Honors Theses and Capstones

Date of Award

Spring 2020

Project Type

Senior Honors Thesis

College or School



Biomedical Science

Program or Major

Medical Laboratory Science

Degree Name

Bachelor of Science

First Advisor

Juan Rojo


Overall, approximately 95 percent of reported cases of vector-borne disease were associated with ticks, making these the most medically important group of arthropods in the United States.1 Despite the prevalence of tick-borne infections, the process for the diagnosis of this condition is not well studied. This study aims to analyze data from a pool of 100 patients who underwent testing for tick-borne disease in the same institution in Dover, New Hampshire during the most recent peak tick season of 2019. Information utilized in this study included: patient age, sex, location of testing (inpatient versus outpatient), diagnostic testing methods used pertaining to investigation of tick-borne disease, results of tick-borne panel testing, number of days to obtain tick panel results, symptomology, treatments pertaining to the investigation of tick-borne disease, and record of follow-up visits. Analyses of these data points revealed a trend that suggests the current diagnostic process for tick-borne disease is unnecessarily burdensome for patients and medical facilities. There is a need for a faster turnaround time in testing to decrease the need for supplemental tests and follow-up visits pertaining to the investigation of tick-borne diseases. This study also suggests that recognition of symptoms associated with positive results is paramount to improve the detection of tick-borne illnesses. Further investigation of our current methods and possible future adaptations to them are critical if we are to conquer the diverse array of challenges presented by tick-borne diseases.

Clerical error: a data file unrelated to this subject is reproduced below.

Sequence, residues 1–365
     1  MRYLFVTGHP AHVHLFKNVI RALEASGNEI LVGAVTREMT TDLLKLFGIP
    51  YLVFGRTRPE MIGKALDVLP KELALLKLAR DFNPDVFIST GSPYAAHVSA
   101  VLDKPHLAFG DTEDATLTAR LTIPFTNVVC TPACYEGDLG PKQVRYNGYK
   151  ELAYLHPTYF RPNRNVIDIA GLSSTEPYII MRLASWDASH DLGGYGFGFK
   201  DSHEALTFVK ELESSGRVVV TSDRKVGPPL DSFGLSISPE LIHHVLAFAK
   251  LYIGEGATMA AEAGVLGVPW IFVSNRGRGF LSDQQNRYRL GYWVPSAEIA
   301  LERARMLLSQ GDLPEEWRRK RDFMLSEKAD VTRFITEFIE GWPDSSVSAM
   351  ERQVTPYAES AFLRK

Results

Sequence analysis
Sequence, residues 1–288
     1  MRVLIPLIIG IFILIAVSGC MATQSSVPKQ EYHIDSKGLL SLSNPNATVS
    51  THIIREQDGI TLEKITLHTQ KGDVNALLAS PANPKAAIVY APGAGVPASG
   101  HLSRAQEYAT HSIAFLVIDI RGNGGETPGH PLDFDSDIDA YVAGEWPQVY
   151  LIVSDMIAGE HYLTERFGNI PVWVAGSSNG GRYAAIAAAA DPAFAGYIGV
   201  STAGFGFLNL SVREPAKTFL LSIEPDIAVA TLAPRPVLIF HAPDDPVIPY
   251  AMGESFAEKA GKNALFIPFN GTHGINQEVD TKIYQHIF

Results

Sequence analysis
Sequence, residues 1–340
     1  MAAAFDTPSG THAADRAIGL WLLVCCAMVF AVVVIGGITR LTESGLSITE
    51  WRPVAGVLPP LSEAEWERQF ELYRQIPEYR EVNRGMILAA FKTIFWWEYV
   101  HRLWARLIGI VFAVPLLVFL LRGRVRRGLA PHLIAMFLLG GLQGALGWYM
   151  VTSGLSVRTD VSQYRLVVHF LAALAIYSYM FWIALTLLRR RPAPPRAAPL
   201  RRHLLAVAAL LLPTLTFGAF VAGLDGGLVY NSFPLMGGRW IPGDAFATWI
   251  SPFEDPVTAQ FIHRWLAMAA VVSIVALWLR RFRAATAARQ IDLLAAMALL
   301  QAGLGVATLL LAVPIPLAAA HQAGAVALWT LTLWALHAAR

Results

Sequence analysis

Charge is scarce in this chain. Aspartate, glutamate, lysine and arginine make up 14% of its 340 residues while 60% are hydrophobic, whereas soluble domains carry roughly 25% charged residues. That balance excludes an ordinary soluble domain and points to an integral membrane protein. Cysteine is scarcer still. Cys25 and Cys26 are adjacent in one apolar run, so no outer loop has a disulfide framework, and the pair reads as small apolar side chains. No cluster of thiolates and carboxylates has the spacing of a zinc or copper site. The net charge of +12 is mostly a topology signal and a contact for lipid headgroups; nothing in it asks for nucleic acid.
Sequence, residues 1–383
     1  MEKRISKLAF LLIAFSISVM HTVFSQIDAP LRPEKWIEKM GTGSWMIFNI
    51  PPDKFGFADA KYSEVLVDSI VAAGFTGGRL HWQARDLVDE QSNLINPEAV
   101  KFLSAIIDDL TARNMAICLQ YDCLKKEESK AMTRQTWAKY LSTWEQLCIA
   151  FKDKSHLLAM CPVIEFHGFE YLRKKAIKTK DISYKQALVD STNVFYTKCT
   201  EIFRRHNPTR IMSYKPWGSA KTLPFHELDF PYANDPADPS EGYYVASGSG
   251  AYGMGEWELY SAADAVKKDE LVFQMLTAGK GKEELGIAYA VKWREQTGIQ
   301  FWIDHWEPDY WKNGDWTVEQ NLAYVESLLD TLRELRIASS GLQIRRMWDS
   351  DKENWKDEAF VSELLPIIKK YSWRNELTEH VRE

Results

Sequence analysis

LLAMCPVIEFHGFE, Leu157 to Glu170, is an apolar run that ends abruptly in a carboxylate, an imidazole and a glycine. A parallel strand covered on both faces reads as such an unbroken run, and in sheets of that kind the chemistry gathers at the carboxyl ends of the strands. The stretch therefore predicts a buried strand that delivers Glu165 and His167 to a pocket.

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Table 1

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Table 2